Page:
6.  Fancy cocktails with friendfamily in the city.  I like fancy cocktails.  I like beer too, but fancy cocktails are special, and when we were in Calgary we went out with my cousin to a hip place and got to pretend that we weren’t bumpkins for a few hours, and there was a painting of a turtle in a suit, and we drank cocktails with names like “The Dirty Pigeon” (with tamarind and a salty cucumber!) and “The Meat Hook” and “Corn and Oil” and it was a lot of fun.  It made me feel young.

I made me a sweater.  It's orange.  It has handmade, homegrown buttons on it.  Seriously.  I win.

I made me a sweater. It’s orange. It has handmade, homegrown buttons on it. Seriously. I win.

5.  Rock and stick throwing parties.  When we got our land stumped last year, a bunch of rocks came to the surface.  Some sticks too.  Then Jer bought a tractor.  Rocks and tractors don’t get along so well, so I decided to have a rock and stick throwing party.  I thought friends would figure that I wanted them to work for me for free.  They didn’t.  One of them even googled “rock and stick throwing party” before deciding that it was probably a weird Denman Island thing, and hoped that it wasn’t going to be too competitive… I think it’s awesome that my friends trust me enough that I can host a work party with an unclear name and they’ll come and work… before going to the beach and drinking beer in the sun.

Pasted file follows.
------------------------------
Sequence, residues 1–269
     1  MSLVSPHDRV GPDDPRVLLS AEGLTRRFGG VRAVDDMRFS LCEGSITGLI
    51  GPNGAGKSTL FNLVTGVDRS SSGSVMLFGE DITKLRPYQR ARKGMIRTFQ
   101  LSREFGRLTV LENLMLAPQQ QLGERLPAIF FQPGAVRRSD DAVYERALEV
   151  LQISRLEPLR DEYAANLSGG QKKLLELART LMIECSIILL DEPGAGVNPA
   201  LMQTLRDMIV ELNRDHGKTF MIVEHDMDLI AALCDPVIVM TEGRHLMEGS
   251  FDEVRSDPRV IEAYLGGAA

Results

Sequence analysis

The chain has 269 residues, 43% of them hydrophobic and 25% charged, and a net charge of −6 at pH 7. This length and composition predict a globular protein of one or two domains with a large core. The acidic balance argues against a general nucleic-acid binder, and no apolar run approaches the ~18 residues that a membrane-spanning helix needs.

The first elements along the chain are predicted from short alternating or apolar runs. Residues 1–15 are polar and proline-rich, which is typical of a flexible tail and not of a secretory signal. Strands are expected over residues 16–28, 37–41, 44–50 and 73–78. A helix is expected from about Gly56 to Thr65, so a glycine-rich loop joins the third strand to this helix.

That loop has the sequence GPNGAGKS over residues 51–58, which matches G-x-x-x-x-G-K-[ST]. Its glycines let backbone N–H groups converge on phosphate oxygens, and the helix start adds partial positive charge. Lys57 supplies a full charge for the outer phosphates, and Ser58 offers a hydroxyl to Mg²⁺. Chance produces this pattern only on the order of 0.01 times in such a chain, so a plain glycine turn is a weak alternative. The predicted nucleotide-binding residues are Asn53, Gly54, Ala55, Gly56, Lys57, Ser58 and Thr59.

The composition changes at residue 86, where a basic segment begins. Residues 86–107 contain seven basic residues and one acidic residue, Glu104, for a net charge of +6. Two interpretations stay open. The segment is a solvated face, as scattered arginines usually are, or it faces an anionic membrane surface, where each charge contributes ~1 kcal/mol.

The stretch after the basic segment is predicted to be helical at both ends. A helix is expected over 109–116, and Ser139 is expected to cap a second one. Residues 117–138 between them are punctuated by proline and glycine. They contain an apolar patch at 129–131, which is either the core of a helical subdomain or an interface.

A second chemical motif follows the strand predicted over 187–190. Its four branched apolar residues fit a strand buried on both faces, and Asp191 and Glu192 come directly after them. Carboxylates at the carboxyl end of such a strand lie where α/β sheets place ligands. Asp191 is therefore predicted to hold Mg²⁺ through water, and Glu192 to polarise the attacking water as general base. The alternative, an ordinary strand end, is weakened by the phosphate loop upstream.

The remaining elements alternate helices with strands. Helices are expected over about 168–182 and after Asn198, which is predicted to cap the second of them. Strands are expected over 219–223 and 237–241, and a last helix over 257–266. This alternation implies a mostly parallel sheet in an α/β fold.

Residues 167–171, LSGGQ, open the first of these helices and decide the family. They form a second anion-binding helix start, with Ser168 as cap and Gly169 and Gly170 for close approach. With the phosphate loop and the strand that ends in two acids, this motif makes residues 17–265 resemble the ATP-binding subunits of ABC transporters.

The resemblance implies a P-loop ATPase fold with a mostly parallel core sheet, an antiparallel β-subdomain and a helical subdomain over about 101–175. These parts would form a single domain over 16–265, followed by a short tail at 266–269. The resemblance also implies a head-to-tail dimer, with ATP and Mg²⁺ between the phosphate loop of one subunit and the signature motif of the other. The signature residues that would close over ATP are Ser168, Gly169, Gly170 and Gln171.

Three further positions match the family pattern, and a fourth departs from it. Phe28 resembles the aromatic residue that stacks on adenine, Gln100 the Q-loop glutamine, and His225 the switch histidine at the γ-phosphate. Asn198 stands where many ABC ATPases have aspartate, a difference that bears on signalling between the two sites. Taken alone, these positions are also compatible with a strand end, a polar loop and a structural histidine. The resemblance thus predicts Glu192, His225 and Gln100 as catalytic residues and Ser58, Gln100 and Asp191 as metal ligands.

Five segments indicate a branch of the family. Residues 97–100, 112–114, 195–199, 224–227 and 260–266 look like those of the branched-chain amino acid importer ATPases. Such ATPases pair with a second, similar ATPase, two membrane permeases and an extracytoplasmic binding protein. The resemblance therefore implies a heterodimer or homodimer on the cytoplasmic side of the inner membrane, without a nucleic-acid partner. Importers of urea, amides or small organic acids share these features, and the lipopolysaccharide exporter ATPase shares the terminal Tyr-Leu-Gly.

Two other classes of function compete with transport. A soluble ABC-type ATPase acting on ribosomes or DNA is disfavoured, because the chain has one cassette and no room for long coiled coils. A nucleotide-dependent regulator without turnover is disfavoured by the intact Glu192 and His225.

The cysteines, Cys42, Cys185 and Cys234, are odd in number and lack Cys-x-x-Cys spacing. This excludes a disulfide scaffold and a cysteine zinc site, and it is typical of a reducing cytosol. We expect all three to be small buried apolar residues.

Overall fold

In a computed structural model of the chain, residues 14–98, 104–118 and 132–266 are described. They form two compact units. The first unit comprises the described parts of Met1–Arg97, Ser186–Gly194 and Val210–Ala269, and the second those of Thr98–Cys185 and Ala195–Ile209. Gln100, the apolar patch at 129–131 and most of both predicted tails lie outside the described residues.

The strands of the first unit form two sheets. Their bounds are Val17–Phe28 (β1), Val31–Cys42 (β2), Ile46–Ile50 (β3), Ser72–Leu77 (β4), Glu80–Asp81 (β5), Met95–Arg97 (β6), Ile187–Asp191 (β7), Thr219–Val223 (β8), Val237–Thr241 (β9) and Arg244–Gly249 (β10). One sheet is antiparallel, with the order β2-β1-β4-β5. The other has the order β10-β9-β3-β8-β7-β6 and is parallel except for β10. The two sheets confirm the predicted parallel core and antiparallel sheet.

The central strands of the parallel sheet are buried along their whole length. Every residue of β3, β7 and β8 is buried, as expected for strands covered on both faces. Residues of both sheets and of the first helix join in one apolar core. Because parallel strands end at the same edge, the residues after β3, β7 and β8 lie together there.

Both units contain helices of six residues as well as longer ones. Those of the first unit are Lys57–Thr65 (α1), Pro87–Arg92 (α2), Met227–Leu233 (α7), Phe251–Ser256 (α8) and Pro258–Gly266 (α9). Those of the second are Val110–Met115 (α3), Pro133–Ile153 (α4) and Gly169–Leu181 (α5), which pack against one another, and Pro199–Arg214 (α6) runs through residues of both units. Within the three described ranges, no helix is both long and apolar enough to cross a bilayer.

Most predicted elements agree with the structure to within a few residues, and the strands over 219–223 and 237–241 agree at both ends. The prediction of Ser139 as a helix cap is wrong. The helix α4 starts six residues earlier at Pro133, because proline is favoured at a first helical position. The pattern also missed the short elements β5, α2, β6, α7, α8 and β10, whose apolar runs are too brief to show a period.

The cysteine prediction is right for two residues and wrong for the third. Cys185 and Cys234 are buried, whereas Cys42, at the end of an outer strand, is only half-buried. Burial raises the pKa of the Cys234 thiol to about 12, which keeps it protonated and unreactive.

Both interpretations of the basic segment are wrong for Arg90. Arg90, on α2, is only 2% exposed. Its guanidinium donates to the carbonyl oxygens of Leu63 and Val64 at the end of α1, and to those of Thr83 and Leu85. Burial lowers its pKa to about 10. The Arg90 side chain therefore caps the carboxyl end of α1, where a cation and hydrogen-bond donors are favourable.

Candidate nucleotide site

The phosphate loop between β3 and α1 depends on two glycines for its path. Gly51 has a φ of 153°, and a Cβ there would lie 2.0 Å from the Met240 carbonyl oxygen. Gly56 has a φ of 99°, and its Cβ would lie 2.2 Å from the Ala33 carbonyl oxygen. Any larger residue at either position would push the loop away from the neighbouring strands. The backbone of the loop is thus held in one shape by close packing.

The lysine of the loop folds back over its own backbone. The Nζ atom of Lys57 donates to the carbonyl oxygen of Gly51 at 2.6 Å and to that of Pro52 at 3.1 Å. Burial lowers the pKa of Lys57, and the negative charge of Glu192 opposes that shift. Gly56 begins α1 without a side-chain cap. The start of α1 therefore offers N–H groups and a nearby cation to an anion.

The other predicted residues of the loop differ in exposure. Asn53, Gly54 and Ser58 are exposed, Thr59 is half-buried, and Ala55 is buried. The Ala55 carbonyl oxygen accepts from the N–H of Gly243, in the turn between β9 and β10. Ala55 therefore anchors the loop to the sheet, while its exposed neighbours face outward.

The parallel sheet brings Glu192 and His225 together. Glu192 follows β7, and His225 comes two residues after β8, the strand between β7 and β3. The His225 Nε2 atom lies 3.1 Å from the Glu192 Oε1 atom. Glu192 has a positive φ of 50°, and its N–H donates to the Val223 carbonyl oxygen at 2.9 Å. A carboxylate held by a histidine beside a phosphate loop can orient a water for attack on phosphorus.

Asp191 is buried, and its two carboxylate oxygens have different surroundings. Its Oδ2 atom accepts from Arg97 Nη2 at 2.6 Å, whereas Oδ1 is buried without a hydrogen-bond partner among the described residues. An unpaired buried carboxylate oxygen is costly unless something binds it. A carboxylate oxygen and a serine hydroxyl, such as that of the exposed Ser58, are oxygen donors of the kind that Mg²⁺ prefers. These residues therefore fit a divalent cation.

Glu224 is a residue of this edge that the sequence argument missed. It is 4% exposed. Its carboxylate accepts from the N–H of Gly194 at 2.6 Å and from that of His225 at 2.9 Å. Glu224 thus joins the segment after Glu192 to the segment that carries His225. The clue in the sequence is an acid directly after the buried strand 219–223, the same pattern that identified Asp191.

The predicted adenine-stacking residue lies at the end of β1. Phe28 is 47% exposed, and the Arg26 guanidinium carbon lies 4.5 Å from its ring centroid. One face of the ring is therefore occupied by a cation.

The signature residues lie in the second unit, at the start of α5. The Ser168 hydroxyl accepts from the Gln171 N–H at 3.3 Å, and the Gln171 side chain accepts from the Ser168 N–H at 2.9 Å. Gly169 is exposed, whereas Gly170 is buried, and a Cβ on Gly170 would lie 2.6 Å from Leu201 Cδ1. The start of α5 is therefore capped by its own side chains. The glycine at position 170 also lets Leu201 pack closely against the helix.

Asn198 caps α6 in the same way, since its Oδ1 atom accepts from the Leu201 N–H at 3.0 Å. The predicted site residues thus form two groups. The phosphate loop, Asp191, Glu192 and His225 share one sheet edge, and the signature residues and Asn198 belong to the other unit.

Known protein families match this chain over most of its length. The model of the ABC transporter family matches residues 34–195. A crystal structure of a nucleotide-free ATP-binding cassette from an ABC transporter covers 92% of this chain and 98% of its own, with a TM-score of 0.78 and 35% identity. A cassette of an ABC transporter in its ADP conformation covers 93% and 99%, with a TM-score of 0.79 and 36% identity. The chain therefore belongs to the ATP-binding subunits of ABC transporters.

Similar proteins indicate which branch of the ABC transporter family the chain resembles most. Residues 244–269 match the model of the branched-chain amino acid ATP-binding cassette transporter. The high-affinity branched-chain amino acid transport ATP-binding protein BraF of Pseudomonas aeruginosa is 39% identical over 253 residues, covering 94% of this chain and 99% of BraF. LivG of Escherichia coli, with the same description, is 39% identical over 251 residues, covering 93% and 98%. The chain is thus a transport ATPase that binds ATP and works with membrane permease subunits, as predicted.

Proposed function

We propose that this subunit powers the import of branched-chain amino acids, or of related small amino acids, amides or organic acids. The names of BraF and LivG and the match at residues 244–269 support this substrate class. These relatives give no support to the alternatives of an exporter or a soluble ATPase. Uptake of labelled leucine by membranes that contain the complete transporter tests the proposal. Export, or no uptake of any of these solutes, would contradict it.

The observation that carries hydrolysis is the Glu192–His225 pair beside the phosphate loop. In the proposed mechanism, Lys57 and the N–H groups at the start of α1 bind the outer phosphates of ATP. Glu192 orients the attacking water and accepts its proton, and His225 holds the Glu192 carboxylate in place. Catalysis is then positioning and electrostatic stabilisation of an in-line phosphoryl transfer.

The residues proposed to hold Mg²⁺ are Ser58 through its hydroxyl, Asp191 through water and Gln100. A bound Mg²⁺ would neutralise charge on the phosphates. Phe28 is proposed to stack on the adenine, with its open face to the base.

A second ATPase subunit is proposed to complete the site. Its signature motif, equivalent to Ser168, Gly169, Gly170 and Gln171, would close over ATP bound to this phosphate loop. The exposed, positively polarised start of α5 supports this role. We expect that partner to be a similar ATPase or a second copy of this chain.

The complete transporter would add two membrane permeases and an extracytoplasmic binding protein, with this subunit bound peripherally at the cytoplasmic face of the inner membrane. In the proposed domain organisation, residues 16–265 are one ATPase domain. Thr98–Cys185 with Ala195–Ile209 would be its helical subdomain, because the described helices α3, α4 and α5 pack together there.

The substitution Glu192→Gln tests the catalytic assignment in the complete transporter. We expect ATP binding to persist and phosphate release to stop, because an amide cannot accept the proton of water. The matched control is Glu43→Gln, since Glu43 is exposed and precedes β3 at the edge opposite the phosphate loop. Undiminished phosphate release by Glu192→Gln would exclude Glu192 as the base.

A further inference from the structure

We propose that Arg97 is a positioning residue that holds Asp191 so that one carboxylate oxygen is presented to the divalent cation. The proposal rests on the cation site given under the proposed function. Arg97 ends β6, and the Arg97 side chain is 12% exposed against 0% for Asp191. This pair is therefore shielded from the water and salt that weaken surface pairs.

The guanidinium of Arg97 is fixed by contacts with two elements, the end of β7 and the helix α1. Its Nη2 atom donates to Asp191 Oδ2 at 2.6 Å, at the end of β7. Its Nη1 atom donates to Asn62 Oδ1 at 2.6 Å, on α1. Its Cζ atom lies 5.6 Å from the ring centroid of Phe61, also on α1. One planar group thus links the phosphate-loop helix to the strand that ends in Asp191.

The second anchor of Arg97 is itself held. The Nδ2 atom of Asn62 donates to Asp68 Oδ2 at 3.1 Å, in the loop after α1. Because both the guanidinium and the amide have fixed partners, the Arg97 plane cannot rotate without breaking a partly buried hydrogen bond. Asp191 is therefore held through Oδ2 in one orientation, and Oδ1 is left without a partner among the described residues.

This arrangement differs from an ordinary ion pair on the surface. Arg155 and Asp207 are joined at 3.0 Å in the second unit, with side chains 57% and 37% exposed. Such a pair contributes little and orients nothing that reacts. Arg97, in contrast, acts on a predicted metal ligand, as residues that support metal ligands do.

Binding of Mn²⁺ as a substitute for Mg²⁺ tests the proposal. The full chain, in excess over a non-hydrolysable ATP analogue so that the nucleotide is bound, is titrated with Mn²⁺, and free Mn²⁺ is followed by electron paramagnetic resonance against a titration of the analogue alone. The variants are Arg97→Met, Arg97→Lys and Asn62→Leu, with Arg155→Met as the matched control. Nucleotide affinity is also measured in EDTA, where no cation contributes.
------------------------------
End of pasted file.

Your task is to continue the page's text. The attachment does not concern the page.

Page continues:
See?  Homemade sweater, homegrown buttons.  Orange.  WIN.

See? Homemade sweater, homegrown buttons. Orange. WIN.

4.  Planting all of the flowers.  Well, not ALL of the flowers.  But lots of trays of the flowers, and 2 50-foot rows of the flowers, and there are still all of the flowers coming in the mail.  My lilies are dividing and conquering and growing tall, and my starts are starting and they’re coming.  It’s going to happen!  Be ready for all of the flowers!

"Goats, eating fire-starter".  Almost "Goats, on a fire."

“Goats, eating fire-starter”. Almost “Goats, on a fire.”

3.  No diggity by a campfire.  In harmony.  On an acoustic guitar.  That is all.

2.  Hiking in the mountains.  In the sunshine.  On Vancouver Island with a friend and in Canmore with my mom.  To lakes.  In the sunshine.

The rhubarb is growing!

The rhubarb is growing!

1.  Not working, and especially not commuting.  Do you know how much time I would have in my life if I didn’t spend 5 days a week going to work?  I could ACTUALLY plant all of the flowers.  The blackberries would be exiled to the fences.  The nettles to beyond the fences.  I would knit all of the sweaters and blankets and shawls and hats and socks.  I would hike all of the mountains.  I would drink all of the cocktails and sleep in for all of the mornings.  Until at least 7.  I would miss my job, as I do (a little) right now, especially after drinking all of the cocktails and buying all of the yarn for all of the sweaters.  I would miss my job, but one of the best things about having a job is the days you don’t have to go.

This carrot top was haunted.  Naturally.  As in we didn't carve that face.

This carrot top was haunted. Naturally. As in we didn’t carve that face.

The gift of laundry